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Renewable Hydrogen Production from Butanol Steam Reforming over Nickel Catalysts Promoted by Lanthanides


Hydrogen is mainly produced by steam reforming of natural gas, a non-renewable resource. Alternative and renewable routes for hydrogen production play an important role in reducing dependence on oil and minimizing the emission of greenhouse gases. In this work, butanol, a model compound of bio-oil, was employed for hydrogen production by steam reforming. The reaction was evaluated for 30 h in a tubular quartz reactor at 500 ◦C, atmospheric pressure, GHSV of 500,000 h−1 , and an aqueous solution feed of 10% v/v butanol. For this reaction, catalysts with 20 wt.% NiO were prepared by wet impregnation using three supports: γ-alumina and alumina modified with 10 wt.% of cerium and lanthanum oxides. Both promoters increased the reduction degree of the catalysts and decreased catalyst acidity, which is closely related to coke formation and deactivation. Ni/La2O3– Al2O3 presented a higher nickel dispersion (14.6%) which, combined with other properties, led to a higher stability, higher mean hydrogen yield (71%), and lower coke formation per mass (56%). On the other hand, the nonpromoted catalyst suffered a significant deactivation associated with coke formation favored by its highest acidity (3.1 µmol m−2 ).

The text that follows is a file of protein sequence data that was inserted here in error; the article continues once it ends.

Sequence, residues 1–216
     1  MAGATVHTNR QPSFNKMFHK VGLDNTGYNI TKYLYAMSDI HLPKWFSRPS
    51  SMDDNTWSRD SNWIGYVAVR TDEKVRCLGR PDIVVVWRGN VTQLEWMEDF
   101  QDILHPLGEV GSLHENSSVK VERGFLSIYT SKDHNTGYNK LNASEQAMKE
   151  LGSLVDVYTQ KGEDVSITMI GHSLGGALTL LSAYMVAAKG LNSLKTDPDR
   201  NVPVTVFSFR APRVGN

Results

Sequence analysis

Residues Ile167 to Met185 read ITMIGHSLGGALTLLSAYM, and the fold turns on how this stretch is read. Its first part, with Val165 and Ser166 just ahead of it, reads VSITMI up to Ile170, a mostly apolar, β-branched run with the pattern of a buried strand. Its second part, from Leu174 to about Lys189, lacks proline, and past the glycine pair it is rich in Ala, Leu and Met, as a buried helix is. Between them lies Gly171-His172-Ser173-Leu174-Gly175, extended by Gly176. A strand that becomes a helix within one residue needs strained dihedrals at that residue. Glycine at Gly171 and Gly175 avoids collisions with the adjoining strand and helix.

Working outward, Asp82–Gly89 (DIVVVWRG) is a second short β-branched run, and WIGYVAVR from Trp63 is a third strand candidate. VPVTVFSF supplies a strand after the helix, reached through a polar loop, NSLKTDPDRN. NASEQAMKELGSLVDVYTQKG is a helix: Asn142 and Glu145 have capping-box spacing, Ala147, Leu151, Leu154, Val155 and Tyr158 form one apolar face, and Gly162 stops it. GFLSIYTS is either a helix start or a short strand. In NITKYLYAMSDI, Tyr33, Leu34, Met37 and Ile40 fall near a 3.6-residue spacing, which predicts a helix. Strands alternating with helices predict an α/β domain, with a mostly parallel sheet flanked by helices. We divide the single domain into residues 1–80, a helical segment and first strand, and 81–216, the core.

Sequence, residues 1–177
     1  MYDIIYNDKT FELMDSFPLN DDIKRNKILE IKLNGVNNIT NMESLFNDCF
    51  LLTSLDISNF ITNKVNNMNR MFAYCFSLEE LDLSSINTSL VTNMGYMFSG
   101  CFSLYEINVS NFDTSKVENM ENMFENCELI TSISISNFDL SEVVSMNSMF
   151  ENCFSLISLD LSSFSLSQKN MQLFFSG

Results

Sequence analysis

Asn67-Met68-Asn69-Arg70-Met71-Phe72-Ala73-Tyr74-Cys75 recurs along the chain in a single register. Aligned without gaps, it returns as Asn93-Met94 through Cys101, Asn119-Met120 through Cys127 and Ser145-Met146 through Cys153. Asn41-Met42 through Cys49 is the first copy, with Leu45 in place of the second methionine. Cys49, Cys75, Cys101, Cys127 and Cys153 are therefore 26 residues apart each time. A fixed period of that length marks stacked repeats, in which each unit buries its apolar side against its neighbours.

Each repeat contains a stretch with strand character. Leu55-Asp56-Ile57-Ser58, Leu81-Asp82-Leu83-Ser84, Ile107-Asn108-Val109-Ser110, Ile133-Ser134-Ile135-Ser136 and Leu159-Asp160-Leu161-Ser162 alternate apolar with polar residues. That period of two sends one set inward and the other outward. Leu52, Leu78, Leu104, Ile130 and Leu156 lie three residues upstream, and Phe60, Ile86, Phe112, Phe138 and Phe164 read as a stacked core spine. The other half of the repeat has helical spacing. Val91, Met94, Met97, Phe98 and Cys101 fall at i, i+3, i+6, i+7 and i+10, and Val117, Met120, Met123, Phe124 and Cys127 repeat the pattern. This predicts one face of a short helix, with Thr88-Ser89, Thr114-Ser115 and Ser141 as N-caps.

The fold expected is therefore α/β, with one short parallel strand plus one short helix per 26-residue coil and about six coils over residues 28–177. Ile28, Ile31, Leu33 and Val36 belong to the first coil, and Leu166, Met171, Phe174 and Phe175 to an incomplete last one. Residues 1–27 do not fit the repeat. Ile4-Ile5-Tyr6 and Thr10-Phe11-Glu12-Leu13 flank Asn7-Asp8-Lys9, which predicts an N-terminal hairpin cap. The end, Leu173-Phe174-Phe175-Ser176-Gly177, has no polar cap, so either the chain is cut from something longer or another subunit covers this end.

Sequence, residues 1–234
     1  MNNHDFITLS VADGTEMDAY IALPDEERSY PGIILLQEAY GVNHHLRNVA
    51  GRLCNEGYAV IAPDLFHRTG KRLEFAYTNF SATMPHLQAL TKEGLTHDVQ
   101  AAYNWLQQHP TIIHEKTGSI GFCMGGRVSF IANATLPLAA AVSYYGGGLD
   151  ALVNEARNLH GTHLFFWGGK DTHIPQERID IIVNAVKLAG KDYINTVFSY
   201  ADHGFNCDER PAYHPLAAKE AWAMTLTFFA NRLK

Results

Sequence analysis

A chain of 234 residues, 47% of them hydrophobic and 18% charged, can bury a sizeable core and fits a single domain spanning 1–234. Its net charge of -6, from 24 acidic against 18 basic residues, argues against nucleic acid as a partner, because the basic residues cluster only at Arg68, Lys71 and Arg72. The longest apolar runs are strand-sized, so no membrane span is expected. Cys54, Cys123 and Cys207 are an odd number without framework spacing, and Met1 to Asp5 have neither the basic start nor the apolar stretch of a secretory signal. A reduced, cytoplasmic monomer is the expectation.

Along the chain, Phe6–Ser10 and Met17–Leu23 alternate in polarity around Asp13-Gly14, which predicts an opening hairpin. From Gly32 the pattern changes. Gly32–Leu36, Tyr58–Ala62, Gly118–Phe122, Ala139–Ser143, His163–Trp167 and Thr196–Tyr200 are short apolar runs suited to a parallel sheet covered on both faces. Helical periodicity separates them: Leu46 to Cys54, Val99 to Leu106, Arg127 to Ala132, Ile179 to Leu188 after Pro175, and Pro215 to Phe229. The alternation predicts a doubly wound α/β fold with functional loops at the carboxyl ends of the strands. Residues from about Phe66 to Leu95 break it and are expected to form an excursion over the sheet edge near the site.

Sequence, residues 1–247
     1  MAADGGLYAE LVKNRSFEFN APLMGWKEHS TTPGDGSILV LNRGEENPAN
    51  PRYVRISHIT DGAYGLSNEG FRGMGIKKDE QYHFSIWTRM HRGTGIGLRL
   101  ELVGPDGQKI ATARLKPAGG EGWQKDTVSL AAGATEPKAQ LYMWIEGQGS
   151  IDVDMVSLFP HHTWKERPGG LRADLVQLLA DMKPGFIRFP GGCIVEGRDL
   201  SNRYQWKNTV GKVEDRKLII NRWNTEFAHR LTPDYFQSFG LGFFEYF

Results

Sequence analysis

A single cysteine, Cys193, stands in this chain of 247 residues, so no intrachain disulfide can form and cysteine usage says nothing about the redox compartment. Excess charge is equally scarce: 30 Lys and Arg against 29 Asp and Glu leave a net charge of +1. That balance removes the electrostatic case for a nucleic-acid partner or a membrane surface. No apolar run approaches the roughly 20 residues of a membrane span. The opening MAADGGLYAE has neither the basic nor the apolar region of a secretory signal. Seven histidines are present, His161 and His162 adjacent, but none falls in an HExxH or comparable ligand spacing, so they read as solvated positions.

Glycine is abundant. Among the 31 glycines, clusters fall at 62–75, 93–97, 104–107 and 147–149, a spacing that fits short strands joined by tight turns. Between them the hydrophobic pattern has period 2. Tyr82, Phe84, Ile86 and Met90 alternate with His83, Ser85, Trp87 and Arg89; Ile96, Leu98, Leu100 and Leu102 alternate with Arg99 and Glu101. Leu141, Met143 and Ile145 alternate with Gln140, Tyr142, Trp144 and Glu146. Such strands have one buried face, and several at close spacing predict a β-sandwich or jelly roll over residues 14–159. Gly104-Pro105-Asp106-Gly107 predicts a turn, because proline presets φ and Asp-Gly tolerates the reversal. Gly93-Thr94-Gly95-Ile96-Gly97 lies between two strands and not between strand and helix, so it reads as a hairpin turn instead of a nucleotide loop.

Funding source: This research was funded by CNPq, FAPERJ, and CAPES.
Related subjects: Production & Supply Chain
Countries: Brazil

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